Fall-planted cover crops provide many benefits to gardens – The Oakland Press

Put your garden to work over winter by planting a cover crop this fall. Covering the soil with plants that are turned into the soil or smothered and allowed to decompose in spring provides many benefits.

Fall-planted cover crops protect the soil from erosion over winter and reduce stormwater runoff into nearby waterways and storm sewers. They also help reduce weeds by forming a dense mat that increases organic matter, adds nutrients, and improves the soil quality for your plants. These crops also help conserve soil moisture, and many provide welcome habitats for pollinators and other beneficial insects.

Oats, winter rye, winter wheat, crimson clover, and hairy vetch are common fall-planted cover crops. The crimson clover and hairy vetch are legumes that can add a lot of nitrogen to the soil when they decompose. Try combining these with non-legumes when possible. Consider purchasing a cover crop mix like the True Leaf Market no-till pollinator-friendly cover crop mix which contains both and helps support pollinators.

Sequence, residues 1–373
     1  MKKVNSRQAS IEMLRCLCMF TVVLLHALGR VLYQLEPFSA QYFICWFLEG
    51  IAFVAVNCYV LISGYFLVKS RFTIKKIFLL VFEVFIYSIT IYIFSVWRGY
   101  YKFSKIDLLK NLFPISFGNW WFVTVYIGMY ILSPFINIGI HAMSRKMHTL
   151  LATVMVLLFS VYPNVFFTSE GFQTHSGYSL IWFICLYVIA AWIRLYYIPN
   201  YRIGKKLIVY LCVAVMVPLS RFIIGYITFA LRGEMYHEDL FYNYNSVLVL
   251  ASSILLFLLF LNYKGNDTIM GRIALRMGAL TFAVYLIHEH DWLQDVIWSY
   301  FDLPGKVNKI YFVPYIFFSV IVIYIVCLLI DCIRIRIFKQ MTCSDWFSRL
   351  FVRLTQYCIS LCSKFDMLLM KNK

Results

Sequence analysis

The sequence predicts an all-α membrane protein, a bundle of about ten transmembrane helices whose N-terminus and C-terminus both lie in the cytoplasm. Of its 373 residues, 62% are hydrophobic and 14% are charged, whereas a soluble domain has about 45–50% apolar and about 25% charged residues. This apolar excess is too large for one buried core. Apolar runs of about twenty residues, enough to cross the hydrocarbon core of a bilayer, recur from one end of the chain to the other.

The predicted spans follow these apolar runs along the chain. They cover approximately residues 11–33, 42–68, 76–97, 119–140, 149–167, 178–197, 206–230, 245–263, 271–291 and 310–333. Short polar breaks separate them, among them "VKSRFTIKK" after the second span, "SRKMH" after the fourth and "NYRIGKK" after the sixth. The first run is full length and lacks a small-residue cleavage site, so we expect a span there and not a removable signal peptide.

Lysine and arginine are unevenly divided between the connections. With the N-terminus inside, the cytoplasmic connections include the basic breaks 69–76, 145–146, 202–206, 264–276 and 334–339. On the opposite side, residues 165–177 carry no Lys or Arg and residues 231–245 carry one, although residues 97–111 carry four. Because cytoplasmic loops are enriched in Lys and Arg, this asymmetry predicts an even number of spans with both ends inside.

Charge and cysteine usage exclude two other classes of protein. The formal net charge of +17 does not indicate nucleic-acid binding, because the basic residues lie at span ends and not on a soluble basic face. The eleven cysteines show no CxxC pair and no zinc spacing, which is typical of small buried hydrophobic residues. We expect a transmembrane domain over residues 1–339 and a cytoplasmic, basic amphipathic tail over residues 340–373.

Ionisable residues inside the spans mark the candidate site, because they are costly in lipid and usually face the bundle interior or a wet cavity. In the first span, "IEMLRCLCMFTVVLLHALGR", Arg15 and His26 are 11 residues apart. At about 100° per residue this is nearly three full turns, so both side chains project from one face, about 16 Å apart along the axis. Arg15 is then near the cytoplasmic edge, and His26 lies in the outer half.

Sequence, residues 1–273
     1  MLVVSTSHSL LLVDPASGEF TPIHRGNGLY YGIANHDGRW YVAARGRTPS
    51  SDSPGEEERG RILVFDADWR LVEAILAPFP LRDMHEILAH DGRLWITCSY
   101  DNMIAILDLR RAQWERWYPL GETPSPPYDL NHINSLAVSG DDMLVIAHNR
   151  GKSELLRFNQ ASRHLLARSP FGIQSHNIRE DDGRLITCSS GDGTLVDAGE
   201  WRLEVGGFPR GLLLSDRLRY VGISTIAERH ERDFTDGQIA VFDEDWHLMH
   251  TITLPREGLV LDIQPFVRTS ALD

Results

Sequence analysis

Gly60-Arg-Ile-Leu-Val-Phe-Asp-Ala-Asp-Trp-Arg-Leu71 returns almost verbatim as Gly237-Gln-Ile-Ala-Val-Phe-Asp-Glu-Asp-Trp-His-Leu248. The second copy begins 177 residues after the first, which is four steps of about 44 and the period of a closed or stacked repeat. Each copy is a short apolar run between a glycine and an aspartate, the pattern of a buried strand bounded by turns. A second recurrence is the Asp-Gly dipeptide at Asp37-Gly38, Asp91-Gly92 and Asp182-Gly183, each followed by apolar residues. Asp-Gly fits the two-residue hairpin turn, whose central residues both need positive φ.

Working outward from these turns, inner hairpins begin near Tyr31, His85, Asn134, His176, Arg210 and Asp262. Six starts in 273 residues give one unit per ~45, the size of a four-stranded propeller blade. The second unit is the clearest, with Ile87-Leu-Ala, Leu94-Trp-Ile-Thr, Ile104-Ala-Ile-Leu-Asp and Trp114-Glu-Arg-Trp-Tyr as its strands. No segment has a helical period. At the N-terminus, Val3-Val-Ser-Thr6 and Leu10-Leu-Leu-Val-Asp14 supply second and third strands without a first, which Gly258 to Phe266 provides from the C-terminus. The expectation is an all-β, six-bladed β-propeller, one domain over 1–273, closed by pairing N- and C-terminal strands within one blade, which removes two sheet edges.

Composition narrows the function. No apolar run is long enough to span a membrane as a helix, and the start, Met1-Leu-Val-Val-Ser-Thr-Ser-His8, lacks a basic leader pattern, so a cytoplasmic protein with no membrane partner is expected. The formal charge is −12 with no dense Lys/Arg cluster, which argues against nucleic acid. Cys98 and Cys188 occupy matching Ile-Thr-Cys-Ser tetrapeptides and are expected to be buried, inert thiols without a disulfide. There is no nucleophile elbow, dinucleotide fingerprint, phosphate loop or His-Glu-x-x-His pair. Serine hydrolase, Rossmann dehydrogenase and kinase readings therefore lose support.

Most cover crops go dormant over winter and resume growth in spring. Annuals like daikon radishes and oats are killed by cold winter temperatures. This makes oats a good choice if you want to get an early start to planting in spring.

Plant fall cover crops at least four weeks before the first killing frost to give them time to establish. Cereal rye is an exemption and can be planted right up to the first frost. You can plant the whole garden bed or just the area between vegetables that are still growing.

Remove any weeds, plants, and mulch when planting garden beds.  Loosen the soil and rake it smooth before seeding. Just remove the mulch, loosen, and rake the soil between the rows of actively growing vegetables when planting cover crops in these spaces.

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